Pakistan is beginning to make concessions on nuclear weapons and redirect some of its national security from India to Islamist militants.
A New York Times account is sympathetic to Seymour Hersh’s revisionist history about the raid in Abbottabad, Pakistan that killed Osama bin Laden.
Pakistan has become more serious about stamping out violent Islamist extremism on its own soil and is moderating its relations with Indian.
In the wake of the Peshawar school shooting, the Pakistan government has supposedly given the military carte blanche to take out the Taliban.
Pakistan is playing fast and loose with the precautions to nuclear war.
Did the CIA accept information obtained from a journalist tortured to death?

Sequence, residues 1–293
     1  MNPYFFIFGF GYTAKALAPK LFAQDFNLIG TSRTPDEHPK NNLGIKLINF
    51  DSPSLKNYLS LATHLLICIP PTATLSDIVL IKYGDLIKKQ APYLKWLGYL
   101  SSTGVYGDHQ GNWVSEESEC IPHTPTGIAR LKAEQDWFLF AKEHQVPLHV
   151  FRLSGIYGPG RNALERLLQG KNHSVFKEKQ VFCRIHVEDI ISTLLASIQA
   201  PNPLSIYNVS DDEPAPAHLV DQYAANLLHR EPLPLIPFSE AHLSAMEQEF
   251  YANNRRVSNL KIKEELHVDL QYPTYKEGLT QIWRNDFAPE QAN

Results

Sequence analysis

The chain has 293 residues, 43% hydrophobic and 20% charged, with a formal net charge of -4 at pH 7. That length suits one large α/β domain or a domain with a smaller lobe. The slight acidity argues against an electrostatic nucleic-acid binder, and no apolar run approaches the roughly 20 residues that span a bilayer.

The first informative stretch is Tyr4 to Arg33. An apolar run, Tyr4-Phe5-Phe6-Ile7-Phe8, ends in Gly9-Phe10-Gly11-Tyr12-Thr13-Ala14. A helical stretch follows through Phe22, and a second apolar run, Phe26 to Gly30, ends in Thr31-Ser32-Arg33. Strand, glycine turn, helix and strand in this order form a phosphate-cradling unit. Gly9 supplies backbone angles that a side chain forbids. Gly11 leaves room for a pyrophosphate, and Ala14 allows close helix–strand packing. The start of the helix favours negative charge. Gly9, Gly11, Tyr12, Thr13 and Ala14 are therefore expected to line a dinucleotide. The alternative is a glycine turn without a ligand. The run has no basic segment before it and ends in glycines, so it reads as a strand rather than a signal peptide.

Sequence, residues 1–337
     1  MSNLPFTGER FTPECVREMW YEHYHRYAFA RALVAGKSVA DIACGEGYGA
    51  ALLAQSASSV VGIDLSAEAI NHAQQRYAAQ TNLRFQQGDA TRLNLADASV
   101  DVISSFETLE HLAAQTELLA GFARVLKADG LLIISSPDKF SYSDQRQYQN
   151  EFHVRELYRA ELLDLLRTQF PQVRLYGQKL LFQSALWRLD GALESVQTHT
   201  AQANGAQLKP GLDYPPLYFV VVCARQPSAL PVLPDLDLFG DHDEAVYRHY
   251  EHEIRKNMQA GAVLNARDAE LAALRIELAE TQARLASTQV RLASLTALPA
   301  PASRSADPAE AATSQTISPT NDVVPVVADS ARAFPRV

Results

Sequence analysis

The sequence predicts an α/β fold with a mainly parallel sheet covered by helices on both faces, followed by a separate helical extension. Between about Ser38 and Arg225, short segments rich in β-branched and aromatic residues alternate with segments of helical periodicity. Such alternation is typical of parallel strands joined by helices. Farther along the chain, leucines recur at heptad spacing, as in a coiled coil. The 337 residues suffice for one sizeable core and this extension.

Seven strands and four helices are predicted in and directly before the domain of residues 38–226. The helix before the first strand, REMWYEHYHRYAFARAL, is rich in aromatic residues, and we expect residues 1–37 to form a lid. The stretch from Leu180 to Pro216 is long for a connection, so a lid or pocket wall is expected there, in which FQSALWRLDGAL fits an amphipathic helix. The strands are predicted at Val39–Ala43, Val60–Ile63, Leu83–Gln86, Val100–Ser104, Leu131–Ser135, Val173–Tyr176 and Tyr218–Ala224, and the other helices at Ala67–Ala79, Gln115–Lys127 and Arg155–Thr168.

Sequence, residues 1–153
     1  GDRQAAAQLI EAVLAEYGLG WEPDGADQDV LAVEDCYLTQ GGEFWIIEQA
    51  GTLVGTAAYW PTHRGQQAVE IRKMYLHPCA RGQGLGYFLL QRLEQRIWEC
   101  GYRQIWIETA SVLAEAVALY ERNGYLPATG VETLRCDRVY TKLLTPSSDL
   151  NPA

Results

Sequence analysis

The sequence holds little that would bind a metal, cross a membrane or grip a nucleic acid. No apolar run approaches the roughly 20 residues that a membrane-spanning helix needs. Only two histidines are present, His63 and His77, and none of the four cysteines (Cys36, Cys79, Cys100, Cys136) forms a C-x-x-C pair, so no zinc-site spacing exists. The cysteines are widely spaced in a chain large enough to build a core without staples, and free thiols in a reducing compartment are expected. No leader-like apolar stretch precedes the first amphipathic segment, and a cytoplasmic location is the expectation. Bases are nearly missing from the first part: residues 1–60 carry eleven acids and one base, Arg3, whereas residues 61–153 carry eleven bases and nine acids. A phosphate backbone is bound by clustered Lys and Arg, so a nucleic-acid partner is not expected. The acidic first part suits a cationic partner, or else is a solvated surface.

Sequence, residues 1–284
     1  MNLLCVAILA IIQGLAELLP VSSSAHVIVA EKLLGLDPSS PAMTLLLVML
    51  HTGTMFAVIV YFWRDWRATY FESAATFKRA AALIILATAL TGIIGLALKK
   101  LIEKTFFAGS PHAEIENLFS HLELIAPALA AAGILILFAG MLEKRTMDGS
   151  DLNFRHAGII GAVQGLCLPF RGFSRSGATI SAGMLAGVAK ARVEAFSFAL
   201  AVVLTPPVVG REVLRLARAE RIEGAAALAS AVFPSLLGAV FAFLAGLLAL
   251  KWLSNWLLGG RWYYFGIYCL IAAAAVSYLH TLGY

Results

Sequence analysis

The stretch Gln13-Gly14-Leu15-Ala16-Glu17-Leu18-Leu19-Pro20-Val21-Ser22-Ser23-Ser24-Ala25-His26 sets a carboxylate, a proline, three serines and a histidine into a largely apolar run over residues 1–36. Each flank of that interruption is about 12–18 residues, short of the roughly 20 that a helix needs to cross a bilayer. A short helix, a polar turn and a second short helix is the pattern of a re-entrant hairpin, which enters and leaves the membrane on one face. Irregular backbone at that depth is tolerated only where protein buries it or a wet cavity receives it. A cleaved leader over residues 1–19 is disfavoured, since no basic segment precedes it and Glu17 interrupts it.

The United States mounts attacks on Pakistani soil — and the Pakistani military actually invades Afghanistan.
Like the Pakistan military and ISI, Syrian President Assad may be aiding jihadists who operate on his own soil.
Pakistan’s elected government claims to oppose U.S. drone strikes. So why has it kidnapped a prominent drone war critic?
Before we get cynical about 2014, let’s recount the good news from 2013: declining U.S. militarism, a resurgence of diplomacy, and a more forceful global discussion about inequality.